Vol. 12 No. 4 April 2010
Jesus said, to the congregation at Philadelphia, “I know your works. See, I have set before you an open door, and no one can shut it, for you have a little strength, have kept My word, and have not denied My name” (Revelation 3:8). Some thoughts from this passage follow.
1. The church at Philadelphia had a “little strength.” That is all that it takes if we are on God’s side and willing to work for God. God did not judge them based on what their assets were, financially and numerically. God judged them on their willingness to use those things for Him. We need to realize that it is not our list of abilities, but our use of those abilities that matters. Small congregations and large ones have the same responsibility in the eyes of God–to spend themselves in His service.
2. The church at Philadelphia kept His Word. In a time when many were denying the Word of God, even among some of the other six churches to whom Jesus speaks through John in Revelation 2-3, this congregation stood firmly in the Word of God. There is no strength for God at all, no matter what assets a church may claim, if its members do not stand with the Word of God. There was no doubt where these brethren stood, they stood with God. Too many today are going out from God’s Word, because they think they are “strong” enough to ignore God’s will, and think they are “smart” enough to know what is best better than God. I would rather be part of a church like Philadelphia, who put God’s Word first.
3. The church at Philadelphia had not denied His name. Despite tremendous pressure all around, the members of this church had consistently confessed the name of Jesus, both with their mouths and their lives. I am afraid that many who will not deny Jesus verbally are doing so with their lives. When one who claims to be Christ’s profanes his mouth with dirty, obscene, and/or profane words, he or she is denying Jesus’ name. When any “Christian” loses himself or herself in alcohol, immorality, etc., then he or she has without doubt denied Jesus. The members at Philadelphia stood firm for the most precious name on earth and in heaven.
4. The church at Philadelphia was given an open door that no one could shut. Based on its faithfulness to Him, Jesus said that this group of people was being given an open door. I pray that we will look for the open door for our congregations, no matter how small and seemingly weak they may be. If we serve God faithfully by keeping His Word, and never denying His name, I believe that we can receive the same kind of open door. We must, however, put all of our “little strength” into it, and we must be actively aware of our opportunities to serve God. May we find many more “Philadelphias” in the church today. The more there are, the greater our success will be.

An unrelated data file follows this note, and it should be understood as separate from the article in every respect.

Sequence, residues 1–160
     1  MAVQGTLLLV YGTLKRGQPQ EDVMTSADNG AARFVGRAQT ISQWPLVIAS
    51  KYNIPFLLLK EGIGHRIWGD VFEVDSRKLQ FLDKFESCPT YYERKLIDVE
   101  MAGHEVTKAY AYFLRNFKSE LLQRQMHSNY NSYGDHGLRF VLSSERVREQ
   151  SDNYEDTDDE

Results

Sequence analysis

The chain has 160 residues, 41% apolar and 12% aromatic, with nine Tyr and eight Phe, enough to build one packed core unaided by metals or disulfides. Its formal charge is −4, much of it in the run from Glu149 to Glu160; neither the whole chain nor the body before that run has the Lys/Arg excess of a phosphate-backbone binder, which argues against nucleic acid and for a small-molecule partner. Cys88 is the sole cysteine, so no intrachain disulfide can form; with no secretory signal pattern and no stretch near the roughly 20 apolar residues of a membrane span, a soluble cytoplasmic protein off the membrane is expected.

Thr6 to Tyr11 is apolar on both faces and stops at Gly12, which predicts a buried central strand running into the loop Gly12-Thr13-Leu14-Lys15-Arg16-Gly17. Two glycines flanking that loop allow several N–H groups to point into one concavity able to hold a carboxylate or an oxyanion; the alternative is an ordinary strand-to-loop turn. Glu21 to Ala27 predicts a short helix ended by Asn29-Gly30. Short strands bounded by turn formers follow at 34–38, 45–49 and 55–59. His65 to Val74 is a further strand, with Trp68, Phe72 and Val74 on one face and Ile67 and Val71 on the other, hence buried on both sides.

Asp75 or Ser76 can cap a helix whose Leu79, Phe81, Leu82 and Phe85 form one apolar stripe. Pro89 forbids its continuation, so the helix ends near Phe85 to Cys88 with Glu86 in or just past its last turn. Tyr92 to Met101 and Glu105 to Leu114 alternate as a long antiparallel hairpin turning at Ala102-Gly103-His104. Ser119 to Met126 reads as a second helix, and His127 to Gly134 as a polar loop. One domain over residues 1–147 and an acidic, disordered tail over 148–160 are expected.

There is a common illustration you have probably heard that is often called The Snowball Effect. The premise behind it is simple: Even the smallest snowball, when allowed to roll down a snowy hill, will collect more and more snow, and eventually, if allowed to roll long enough, will become a very large snowball. We can apply the illustration to many things, but think about it today in regard to sin.
Sin often starts small. An addict doesn’t just wake up one morning an addict. There is a process involved, which began, at one point, with one first sample. The same is true for many situations. Take the example of the Gentiles of whom Paul spoke in Romans 1:18-32.
We are aware that these people ended up in a vile state of living. In verses 22-32, Paul recorded their complete abandonment of God. They had forgotten about Him, and replaced His worship with worship of idols and the like. Romans 1:24 tells us God gave them up to uncleanness, and the “lusts of their hearts.” What a shameful situation in which to be involved!
How did they get there? In verses 20-21, we are told that they at one time knew God, but simply refused to glorify Him as God. They knew that He was there, and knew all that He had done; they just simply turned a deaf ear. In familiar terms, we might say they didn’t “seek first the kingdom of God and His righteousness” (Matthew 6:33). How many can say they have never violated the Lord’s principle for priorities?
However, hitting closer to home is the beginning point of their sin: the little snowball, if you will. Notice verse 18. God’s wrath was revealed against all ungodliness and unrighteousness of men “who suppress the truth in unrighteousness.” That is where it all began! They suppressed the truth. In simple terms, we might say, they ceased to allow the Truth to have an effect on their lives. This principle is very familiar. How often do we read or hear the Truth and let it go in one ear and out the other? How often does the world have more of an influence on our lives than the Word of God? If the truth does not control our lives—every aspect of our lives—are we not doing as those Gentiles did? Are we not suppressing the Truth?
Remember, the vile state in which those Gentiles found themselves, and the simple beginning it had. If we participate in the same simple beginning, who is to say we won’t have the same end? If the Truth doesn’t control our lives, what will?